In a time of burgeoning white supremacy and racism, it is vital that organizations involved in HIV work examine their practices and ensure that they’re not unjust or oppressive. To help such groups achieve that goal, over 50 leaders of color in the HIV movement have drafted a framework titled “A Declaration of Liberation: Building a Racially Just and Strategic Domestic HIV Movement.”

“Advocates and policy makers are racing to end the HIV pandemic, but that will remain a tall task if we continue to look away from the racial injustices experienced by Black and brown bodies,” say Cecilia Chung of the Transgender Law Center in a Positive Women’s Network–USA press release about the document. “The past 35 years have taught us that HIV is not a single issue; neither is the issue of race. The updated national HIV strategy guides us to look deeper into social determinants of HIV prevention and treatment; it is time to recognize how oppressions intertwine and how racial inequity affects every praxis that drives the pandemic.

“There is no better time than now,” she continues, “to affirm our goals to build power among racial, sexual and gender minority communities.”

The eight-page framework was drafted and edited over the course of several months beginning in July with funding from the Elton John AIDS Foundation and the Ford Foundation. It’s presented by the Racial Justice Framework Group.

The group views the document as a first step, according to the press release, and it hopes to create additional resources specific to the HIV community.

The document begins:

  • What could radical leadership look like from an aligned, collaborative group of people of color under current conditions in HIV community work, and in the HIV movement?
  • What becomes possible when organizations begin to share resources, ideas, space, in ways outside the patriarchal model of “keeping what’s mine” to which we have been indoctrinated?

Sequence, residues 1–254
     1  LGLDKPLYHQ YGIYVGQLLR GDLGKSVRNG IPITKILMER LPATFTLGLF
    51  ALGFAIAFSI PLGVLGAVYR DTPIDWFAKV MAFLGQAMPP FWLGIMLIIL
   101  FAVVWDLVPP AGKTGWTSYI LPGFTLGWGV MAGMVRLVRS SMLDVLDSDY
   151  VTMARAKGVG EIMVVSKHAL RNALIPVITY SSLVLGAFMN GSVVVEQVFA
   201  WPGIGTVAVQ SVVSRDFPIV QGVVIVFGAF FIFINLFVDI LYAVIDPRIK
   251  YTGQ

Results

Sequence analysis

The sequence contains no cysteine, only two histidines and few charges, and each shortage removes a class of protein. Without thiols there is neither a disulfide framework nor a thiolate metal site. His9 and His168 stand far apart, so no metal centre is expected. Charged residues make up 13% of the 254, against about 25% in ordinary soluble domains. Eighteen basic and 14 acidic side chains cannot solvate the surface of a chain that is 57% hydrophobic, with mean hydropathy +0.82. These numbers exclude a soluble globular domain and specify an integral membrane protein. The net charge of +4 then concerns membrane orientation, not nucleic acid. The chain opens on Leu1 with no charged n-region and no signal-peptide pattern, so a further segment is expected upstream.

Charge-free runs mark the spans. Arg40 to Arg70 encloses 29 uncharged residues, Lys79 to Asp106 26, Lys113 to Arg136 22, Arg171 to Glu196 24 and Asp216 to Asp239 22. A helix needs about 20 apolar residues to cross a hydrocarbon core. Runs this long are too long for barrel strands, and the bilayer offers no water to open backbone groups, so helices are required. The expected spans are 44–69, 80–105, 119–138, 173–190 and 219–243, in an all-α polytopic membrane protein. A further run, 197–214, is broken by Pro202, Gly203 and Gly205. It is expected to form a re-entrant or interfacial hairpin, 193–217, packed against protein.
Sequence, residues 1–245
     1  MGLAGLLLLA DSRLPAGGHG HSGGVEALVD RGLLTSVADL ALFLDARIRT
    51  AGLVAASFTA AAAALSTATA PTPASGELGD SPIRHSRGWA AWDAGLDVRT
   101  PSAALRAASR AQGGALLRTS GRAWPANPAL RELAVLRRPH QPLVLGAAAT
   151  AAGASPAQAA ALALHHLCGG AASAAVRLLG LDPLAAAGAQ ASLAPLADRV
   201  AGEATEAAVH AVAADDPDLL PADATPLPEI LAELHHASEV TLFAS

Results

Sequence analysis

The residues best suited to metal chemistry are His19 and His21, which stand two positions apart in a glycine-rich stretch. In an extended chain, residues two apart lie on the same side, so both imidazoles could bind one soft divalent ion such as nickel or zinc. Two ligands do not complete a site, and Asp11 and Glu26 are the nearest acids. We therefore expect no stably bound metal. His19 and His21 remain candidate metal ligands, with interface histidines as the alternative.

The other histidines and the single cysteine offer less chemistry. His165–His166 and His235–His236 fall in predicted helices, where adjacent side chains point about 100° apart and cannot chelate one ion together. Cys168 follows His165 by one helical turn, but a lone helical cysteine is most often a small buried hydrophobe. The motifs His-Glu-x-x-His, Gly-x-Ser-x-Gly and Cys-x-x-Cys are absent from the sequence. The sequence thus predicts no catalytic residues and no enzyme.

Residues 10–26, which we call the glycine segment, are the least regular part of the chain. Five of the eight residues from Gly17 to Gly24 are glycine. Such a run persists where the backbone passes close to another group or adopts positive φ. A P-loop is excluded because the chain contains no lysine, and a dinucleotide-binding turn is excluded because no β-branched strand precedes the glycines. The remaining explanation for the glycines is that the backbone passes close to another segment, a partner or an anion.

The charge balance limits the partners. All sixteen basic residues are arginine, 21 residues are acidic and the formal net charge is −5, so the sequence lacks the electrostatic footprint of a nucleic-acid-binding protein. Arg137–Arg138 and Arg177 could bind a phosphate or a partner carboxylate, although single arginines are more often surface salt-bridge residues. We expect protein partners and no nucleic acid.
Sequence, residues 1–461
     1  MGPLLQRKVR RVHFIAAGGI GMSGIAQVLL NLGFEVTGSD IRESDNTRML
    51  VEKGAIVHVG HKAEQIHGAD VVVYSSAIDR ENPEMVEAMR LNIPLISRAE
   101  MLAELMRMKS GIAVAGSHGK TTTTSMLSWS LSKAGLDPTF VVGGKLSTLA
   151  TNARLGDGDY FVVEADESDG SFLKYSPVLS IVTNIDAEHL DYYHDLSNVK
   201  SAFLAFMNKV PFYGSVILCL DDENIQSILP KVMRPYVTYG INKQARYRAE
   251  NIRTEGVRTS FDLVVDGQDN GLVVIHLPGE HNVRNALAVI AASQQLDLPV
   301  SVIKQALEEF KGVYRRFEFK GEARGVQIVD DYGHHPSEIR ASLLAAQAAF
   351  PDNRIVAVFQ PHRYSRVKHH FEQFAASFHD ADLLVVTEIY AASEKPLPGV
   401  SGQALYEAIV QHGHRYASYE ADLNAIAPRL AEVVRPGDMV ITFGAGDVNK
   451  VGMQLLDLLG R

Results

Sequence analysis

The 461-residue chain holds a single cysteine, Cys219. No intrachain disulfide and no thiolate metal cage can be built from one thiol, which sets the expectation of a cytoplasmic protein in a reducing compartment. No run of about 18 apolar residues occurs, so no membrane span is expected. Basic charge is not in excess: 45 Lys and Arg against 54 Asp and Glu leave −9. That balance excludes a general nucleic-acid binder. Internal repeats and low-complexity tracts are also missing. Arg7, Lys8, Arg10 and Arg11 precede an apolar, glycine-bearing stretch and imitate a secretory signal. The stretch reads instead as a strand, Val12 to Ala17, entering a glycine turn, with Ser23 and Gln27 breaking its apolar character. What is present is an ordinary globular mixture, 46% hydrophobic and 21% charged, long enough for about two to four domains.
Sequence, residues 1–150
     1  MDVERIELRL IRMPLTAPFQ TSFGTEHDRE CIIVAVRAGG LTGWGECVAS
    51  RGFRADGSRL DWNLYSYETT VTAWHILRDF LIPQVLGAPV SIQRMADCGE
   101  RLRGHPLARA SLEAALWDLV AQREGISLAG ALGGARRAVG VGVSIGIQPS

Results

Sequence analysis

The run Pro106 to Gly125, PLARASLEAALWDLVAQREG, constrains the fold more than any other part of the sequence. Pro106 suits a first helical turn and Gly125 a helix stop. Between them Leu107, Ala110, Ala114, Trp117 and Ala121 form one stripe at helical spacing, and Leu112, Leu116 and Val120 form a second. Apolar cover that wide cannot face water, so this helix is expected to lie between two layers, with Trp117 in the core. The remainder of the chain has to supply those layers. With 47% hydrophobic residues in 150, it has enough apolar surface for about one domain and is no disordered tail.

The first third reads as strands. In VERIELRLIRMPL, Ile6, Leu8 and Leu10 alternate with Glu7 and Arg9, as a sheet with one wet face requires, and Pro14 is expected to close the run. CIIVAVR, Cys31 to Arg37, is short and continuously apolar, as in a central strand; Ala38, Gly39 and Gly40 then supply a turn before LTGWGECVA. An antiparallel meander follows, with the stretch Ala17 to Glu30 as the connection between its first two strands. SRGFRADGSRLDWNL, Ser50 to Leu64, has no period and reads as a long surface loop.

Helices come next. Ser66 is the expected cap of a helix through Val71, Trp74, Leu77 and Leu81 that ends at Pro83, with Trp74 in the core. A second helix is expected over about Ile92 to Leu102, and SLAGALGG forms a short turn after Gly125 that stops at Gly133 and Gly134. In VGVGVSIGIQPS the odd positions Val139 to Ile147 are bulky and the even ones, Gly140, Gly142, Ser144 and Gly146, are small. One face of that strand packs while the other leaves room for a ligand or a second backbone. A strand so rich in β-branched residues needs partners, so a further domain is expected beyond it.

• If practices at your organization present a barrier to your ability to work in ways you know are an actual path to health, dignity, and liberation for communities of color, what do you need from a group that is an “escape hatch”?


We, as a collective of people of color leaders in the HIV justice movement, write these words in the most precarious of times. The current president of the United States uses his platform in service of the oppression of people of color and other marginalized communities. Our efforts are often overwhelmed by the weight of violence, past and present, directed at our sacred Black and brown bodies. Yet we are not fragile. We are boundlessly powerful. People of color have always fought back, and led the way in innovating new, creative responses to oppression. We have not only history, but also the force of an inclusive, intersectional and transformative vision on our side.

This document is our declaration of liberation. It begins to name and claim a collective vision for resistance practice in the HIV movement, grounded in racial justice.

“HIV is a sign of inequity in this country and the world,” explains Maximillian Boykin of the HIV Prevention Justice Alliance, in the press release. “Our country’s approach to prevention and care focused on controlling Black and brown bodies, and heteronormative education instead of embracing an understanding of pleasure, culture, and identity, continue to hurt those most impacted by HIV. In these politically charged times, it is important for us to have a place to create what is needed for us to promote true health equity and end the epidemic.

“This framework, and those who collaborated to create it, intend to help create a political home—a space for us to learn, grow, and build with one another rooted in community, racial justice and intersectionality, in order to break down the silos and push for our communities to thrive.”

You can download a PDF of the declaration here.

The document was drafted and signed by The Racial Justice Framework Group. They are:

Maxx Boykin, HIV Prevention Justice Alliance

Gina Brown, Southern AIDS Coalition

Marco Castro-Bojorquez, Venas Abiertas

Cecilia Chung, Transgender Law Center

Daniel Driffin, THRIVE SS, Inc.

Kenyon Farrow, writer and activist

Olivia G. Ford, HIV media editor/writer

Deon Haywood, Women With a Vision

Venton C. Jones, Jr., National Black Justice Coalition

Naina Khanna, Positive Women’s Network–USA

Johnnie Kornegay, CounterNarrative Project

Suraj Madoori, Treatment Action Group

Venita Ray

Valerie Rochester, AIDS United

Arneta Rogers, Positive Women’s Network–USA

Kiara St. James, New York Trans Advocacy Group

Bamby Salcedo, TransLatin@ Coalition

Jennie Smith-Camejo, Positive Women’s Network–USA

Andrew Spieldenner, US People Living With HIV Caucus

Charles Stephens, CounterNarrative Project

Robert Suttle, SERO Project

Marvell L. Terry II, The Red Door Foundation, Inc.

Aimee Thorne-Thomsen, Advocates for Youth

Lisa Diane White, SisterLove, Inc.